To Boycott ot not to boycott: is this the question?

, by Michela Costa

All the versions of this article: [English] [français]

To Boycott ot not to boycott: is this the question?

Since the recent uprising of anti-Chinese demonstrations following the passage of the Olympic Torch, the big issue on the table is whether the EU should finally show some teeth on the issue of Human Rights in China. Influential Human Rights NGOs, such as Reporters Without Boarders, have called for a general boycott of the opening Ceremony in Beijing. Human Rights Watch has invited all political leaders to strictly condition their participation to visible improvements in the field of fundamental freedoms and basic rights protection in the country.

Once again, the EU is called to face an important issue of foreign policy without a precise strategy or a noticeable bargaining power. The choice is between applying strictly and coherently its own principles of protection of democracy, freedom and human rights - and risk pushing China towards a defensive strategy - or choosing instead the road of dialogue and silent diplomacy, less honorable but potentially more effective.

Repression in Tibet: the icing on the cake.

China’s record on human rights is notoriously worrisome, and the disproportionate use of force following the recent demonstrations in Tibet is nothing but the proverbial straw that broke the camel’s back. In the last two-three years a sharp deterioration in the situation of civil and political freedoms has been registered, clearly contradicting the assumption that the Olympic Games could have a positive effect on human rights in China. Arrest and illegal detention of activists, restrictions on NGOs, internet censorship, and repression in Tibet are only a few examples of how Beijing has decided to do its spring-cleaning, just before welcoming representatives of the international community in the country.

The potential frictions between China and the European Union are not limited to the violations occurring within the Chinese territory: Brussels and Beijing share a very distant conception of international relations, especially in the field of development aid in the African continent. Decades of European diplomatic efforts intended at ensuring the respect of a minimal principle of conditionality by the countries receiving foreign aid are now seriously challenged by the competition of the Chinese cooperation, much less keen on strictly applying human rights and environmental standards. To complete the picture, China’s position on Darfur and its recent attempts to deliver weapons to Zimbabwe confirm the distance between the two economic super-powers on issues concerning the international arena.

On the other hand, it would be almost superfluous to mention the economic weight of China as one of EU’s privileged commercial partners. The position of the European Union in the last decade has been to establish an on-going dialogue with Beijing, including economic negotiations but also a form of monitoring of human rights performances. Notwithstanding the multiple interventions of the European Parliament condemning Chinese human rights violations, it is rather evident that the European influence on the issue is still very limited.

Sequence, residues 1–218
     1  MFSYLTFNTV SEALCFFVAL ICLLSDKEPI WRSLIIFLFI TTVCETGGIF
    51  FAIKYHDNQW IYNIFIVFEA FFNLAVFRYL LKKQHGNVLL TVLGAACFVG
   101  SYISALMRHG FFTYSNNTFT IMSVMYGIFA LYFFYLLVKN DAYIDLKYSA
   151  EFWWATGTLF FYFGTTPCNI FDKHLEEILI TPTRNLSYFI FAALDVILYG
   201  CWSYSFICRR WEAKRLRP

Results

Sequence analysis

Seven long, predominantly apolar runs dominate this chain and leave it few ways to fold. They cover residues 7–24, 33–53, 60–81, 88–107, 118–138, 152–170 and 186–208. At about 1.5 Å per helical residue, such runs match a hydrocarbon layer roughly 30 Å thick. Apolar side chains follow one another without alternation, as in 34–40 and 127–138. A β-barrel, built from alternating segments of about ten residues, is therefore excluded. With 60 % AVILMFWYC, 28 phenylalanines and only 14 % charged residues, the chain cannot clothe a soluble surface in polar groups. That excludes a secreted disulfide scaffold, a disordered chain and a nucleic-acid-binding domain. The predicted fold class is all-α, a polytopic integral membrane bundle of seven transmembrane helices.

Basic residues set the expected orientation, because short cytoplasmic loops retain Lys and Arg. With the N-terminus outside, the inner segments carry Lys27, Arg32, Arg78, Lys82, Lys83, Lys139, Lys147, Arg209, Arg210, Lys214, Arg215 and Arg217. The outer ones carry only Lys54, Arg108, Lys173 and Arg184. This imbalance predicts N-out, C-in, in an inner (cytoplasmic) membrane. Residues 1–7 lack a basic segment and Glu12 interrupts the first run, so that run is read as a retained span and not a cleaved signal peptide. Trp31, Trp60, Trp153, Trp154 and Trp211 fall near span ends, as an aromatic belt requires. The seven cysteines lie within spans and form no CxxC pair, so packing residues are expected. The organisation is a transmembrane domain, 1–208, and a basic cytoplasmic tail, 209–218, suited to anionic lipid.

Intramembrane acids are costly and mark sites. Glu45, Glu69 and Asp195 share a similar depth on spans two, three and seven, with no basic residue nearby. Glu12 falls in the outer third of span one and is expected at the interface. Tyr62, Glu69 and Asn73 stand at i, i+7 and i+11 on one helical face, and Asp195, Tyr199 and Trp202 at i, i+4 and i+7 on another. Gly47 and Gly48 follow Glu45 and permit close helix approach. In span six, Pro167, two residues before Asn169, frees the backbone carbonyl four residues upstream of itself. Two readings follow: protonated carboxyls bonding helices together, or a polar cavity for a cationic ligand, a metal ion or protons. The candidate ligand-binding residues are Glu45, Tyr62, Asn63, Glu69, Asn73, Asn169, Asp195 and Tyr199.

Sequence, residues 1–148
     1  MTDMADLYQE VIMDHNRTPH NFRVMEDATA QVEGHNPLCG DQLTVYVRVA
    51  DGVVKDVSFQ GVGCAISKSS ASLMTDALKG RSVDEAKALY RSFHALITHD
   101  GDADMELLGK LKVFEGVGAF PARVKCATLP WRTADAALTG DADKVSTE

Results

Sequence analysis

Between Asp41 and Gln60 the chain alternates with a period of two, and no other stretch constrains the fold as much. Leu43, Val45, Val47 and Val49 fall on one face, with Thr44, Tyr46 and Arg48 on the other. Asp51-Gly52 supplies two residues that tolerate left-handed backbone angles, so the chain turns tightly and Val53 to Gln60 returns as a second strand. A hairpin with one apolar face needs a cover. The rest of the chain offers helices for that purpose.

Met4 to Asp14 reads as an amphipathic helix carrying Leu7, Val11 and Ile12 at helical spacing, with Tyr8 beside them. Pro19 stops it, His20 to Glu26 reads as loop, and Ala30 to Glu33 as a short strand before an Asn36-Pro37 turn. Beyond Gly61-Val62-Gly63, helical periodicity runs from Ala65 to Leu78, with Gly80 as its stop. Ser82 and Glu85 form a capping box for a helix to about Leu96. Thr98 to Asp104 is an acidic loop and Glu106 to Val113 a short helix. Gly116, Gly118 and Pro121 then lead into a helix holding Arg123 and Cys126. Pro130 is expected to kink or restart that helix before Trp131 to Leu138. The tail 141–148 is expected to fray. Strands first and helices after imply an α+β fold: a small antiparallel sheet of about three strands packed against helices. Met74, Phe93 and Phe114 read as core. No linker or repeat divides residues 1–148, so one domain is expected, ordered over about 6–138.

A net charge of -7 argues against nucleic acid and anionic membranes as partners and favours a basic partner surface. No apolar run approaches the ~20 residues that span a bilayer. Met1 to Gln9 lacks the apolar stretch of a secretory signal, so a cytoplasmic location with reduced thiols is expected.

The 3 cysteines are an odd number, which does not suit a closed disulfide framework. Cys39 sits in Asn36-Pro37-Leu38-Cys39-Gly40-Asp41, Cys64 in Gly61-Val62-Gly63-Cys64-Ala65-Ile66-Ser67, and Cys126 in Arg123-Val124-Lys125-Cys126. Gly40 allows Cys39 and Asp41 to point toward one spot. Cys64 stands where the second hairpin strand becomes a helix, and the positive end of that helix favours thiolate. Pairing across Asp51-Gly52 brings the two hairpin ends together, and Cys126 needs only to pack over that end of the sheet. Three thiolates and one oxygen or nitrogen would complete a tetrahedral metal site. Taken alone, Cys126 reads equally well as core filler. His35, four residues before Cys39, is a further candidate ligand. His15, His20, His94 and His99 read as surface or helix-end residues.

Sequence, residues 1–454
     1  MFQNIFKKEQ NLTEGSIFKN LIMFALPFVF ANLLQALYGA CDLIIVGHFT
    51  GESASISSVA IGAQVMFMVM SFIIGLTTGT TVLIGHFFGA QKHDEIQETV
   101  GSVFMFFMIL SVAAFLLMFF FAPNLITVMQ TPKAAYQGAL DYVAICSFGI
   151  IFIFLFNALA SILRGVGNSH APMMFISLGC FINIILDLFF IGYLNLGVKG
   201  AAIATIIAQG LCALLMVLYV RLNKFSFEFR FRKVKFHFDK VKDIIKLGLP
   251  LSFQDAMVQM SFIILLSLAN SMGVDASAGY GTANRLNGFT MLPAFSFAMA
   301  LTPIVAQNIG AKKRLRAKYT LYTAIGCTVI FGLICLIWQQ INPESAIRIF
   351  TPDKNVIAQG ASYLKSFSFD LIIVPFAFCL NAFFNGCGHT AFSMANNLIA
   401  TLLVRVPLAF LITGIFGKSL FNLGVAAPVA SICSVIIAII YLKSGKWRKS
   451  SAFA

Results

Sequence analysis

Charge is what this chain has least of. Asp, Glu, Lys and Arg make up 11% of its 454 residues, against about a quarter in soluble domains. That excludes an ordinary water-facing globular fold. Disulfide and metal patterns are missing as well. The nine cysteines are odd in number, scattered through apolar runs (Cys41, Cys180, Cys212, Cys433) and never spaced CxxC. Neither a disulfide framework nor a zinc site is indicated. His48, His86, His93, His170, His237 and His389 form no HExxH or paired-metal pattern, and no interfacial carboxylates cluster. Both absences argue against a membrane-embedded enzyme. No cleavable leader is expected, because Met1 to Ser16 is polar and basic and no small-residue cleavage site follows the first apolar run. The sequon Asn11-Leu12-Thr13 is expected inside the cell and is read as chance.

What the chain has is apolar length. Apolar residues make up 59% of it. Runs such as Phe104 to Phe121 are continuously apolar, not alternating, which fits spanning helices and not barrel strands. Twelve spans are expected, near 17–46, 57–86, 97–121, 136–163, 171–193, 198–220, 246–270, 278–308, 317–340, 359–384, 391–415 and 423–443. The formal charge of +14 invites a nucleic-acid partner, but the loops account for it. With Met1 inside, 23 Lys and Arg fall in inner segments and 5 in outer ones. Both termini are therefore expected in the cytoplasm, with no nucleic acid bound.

Boycotting the Games? Pros and cons.

The pressure of public opinion for a symbolic gesture against the Chinese government is fairly strong. Following the demonstrations in Paris after the passage of the Olympic Torch, the French President Sarkozy has considered the option of abstaining from participation in the ceremony altogether. The impact of his decision could be aggrandized by the fact that France will hold the EU presidency during the Olympic Games. The major problem is that any unilateral action taken by a limited number of European countries will serve to demonstrate the inability of the EU to express a coherent unitary foreign policy.

In his recent visit to China, on the 25th of April, the European Commission President Barroso reassured Chinese Premier Wen Jiabao that no boycott would be promoted collectively by the EU. Secondarily, even if a joint European boycott was a likely perspective, it is doubtful whether it would be a desirable strategy. China, whether we like it or not, is not North Korea: certainly not a minor actor of the international community, and most definitely not one that can be easily intimidated by a policy of ‘naming and shaming’, or condemned to political and economical isolation. It is clear that the Government in Beijing is today particularly unwilling to show weakness in front of its own public opinion, and wouldn’t accept very easily a lesson of good manners from the European partners. Clearly, humiliation of national feelings is never a smart strategy of international diplomacy.

The demonstrations following the Tibetan uprising are a powerful signal of the level of human rights awareness of the European citizens: nothing in this article shall be read in the sense of criticizing this positive exercise of democracy. What is completely regrettable is the absence, within the EU, of a political structure able to exercise a long-term bargaining power on the international scene. Unfortunately, there is no last-minute intervention or symbolic action that can substitute a stable and far-sighted strategy.

In an ideal world, a powerful European Union would apply a discrete, but steady influence on the Chinese Government, negotiating improvements in the field of human rights and fundamental freedoms by means of a do ut des diplomacy. But let’s face it: politically, the EU is not exactly a superpower, and it wouldn’t even scare much smaller shots than China. In this world, the most likely outcome is frustration.

Image: Olympic flag, wikipedia

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